The next prime minister “may wish to consider” separating the roles of Lord Chancellor and justice secretary, or at least removing the responsibility for prisons from the Lord Chancellor, peers have said.
The House of Lords constitution committee said it would expect the Lord Chancellor “normally to be a senior legal figure” but did not recommend amending the Constitutional Reform Act 2005 to require a legal qualification.
“In the final analysis, character, intellect and a commitment to the rule of law are the most important attributes for a Lord Chancellor to possess.”
As justice secretary, the Lord Chancellor “had responsibility for a wide range of policy areas” in addition to duties regarding the rule of law and independence of the judiciary.
“The arguments for and against the status quo are finely balanced. While we recognise the risk that a conflict of interest could arise between some of these functions, it is also reasonable to suggest that the Lord Chancellor’s budgetary responsibility for the Ministry of Justice, including the prison service, increases his or her status and authority in government.
“Arguably, this better equips the office-holder to make an effective bid for funding for all the policy areas falling within their remit.”
Given that the advantages of separation were “not clear”, peers were “not in favour of doing so at this time”, but “a new prime minister embarking on a reorganisation of government as a whole may wish to consider” the question.
“Alternatively, a new prime minister may contemplate removing responsibility for prisons from the Lord Chancellor’s remit.”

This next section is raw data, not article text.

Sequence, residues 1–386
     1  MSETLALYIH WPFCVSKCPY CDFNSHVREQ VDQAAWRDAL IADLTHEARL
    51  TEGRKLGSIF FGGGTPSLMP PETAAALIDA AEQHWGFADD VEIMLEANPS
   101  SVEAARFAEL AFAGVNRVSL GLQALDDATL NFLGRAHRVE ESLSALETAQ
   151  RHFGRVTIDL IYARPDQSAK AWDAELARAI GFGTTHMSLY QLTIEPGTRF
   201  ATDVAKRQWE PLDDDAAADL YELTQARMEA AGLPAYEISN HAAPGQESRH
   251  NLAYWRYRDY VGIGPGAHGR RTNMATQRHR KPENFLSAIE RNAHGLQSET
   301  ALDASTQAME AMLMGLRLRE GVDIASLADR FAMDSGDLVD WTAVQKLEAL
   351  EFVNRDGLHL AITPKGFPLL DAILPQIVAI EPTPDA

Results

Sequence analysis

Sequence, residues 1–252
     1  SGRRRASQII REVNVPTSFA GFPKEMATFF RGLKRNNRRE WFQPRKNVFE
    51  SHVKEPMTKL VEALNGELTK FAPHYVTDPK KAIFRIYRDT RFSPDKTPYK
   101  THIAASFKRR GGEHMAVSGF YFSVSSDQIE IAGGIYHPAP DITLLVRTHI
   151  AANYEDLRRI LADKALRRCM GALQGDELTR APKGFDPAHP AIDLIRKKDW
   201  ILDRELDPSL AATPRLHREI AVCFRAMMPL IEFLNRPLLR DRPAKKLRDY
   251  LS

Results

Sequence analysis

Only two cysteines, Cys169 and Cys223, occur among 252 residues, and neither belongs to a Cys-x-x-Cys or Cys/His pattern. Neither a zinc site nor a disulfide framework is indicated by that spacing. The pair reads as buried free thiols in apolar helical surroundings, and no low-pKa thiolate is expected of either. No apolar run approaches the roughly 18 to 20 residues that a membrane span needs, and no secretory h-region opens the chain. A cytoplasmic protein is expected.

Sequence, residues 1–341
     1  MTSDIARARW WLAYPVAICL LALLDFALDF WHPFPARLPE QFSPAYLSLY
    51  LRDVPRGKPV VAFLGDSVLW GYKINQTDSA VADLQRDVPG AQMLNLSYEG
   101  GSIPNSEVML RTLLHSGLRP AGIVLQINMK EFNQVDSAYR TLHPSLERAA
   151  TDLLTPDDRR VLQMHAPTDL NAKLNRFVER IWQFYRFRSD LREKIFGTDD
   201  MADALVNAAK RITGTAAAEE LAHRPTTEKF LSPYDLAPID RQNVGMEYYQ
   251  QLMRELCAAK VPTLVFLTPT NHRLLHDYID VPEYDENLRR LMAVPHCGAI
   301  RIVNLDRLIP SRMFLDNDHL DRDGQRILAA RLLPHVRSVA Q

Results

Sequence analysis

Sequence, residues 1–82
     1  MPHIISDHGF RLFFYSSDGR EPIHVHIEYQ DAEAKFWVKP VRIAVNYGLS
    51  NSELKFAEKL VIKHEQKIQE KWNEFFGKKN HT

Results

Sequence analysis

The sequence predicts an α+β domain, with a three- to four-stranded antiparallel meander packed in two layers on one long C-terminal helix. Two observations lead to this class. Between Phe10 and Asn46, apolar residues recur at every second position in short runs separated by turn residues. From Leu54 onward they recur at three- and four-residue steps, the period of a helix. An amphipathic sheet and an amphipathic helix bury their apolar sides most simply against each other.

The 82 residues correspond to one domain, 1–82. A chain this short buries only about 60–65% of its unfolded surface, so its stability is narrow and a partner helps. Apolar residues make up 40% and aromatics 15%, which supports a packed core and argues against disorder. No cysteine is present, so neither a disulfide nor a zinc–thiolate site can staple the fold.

Prisons were a “distracting and perhaps conflicting responsibility”, and moving it would mean the Ministry of Justice was no longer a major spending department. There would then be “a less compelling argument” for the Lord Chancellor’s appointment from the House of Commons.
“We also see clear benefits in the Lord Chancellor becoming the senior individual in the Government with responsibility for the constitution.”
In their report, The roles of the Lord Chancellor and the law officers, peers recommended that the Lord Chancellor’s oath of office be amended so he or she was under a duty to “uphold” and not just “respect” the rule of law.
There was no “compelling evidence” to suggest that the role of deputy prime minister, which Dominic Raab combines with Lord Chancellor and justice secretary, “may pose a risk to the Lord Chancellor’s independence and willingness to defend the rule of law in government”.
However, it was “unclear” whether there was a senior cabinet minister with responsibility for and oversight of constitutional affairs, including the constitution, which was “highly regrettable”.
Peers said there was “great value” in the law officers – the Attorney General, Solicitor General and Advocate General for Scotland – being politicians as it provided them with “a strong understanding of the political context in which they operate and bolsters the authority of their advice”.
It was “essential” that law officers continued to be legally qualified, with the “independence of mind, autonomy and strength of character to deliver impartial legal advice to the government, even where it is unwelcome”.
Codification of their duties “would improve public understanding”, and the ministerial code and cabinet manual should be amended to define their duties clearly.
“We do not have a strong view as to whether the Attorney General should be a member of cabinet.
“What is important is that the office-holder prioritises adherence to the rule of law over government priorities and is willing and able to operate independently of government where required”.
Baroness Drake, chair of the committee, commented: “In a world in which authoritarianism and populism have challenged a rules-based global order in which democracy is sacrosanct, the protection of the rule of law in the UK – and in its interactions with the world – is ever more important.
“It is therefore essential that we have a Lord Chancellor who is willing and able, where necessary, to stand up to cabinet colleagues and the prime minister, and law officers with the autonomy and strength of character to deliver impartial legal advice to the government, even where it is unwelcome.”